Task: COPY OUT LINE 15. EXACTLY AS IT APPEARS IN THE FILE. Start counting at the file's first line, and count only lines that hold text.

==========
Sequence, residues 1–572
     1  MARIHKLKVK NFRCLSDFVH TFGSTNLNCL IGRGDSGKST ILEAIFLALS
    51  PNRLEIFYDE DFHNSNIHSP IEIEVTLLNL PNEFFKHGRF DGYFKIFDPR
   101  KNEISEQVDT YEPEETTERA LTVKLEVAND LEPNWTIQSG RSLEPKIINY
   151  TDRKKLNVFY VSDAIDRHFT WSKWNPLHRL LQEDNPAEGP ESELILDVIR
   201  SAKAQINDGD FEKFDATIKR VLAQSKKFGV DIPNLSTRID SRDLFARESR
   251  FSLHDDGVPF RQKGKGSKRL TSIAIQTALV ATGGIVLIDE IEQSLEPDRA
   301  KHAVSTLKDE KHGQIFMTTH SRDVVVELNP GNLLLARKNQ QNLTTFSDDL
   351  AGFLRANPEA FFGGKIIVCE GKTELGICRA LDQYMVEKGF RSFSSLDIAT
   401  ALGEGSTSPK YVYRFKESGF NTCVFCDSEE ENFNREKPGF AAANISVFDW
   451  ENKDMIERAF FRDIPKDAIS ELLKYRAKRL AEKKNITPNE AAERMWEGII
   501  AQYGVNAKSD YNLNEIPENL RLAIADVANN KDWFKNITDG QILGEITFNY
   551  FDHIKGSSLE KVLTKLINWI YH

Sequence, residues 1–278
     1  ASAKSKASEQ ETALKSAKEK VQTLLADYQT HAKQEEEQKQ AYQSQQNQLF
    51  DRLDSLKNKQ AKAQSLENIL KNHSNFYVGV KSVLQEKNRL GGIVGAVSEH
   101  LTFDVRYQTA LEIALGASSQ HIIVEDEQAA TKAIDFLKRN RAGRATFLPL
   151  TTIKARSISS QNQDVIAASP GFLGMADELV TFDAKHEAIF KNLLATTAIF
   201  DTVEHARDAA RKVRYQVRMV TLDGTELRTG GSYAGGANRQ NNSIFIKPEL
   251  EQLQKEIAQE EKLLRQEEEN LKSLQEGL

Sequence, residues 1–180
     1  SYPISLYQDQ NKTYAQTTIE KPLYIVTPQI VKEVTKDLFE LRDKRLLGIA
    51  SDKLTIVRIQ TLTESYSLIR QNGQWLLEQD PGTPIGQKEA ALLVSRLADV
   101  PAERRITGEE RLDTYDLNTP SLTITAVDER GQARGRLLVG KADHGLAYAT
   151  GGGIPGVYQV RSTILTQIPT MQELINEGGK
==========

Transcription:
     1  ASAKSKASEQ ETALKSAKEK VQTLLADYQT HAKQEEEQKQ AYQSQQNQLF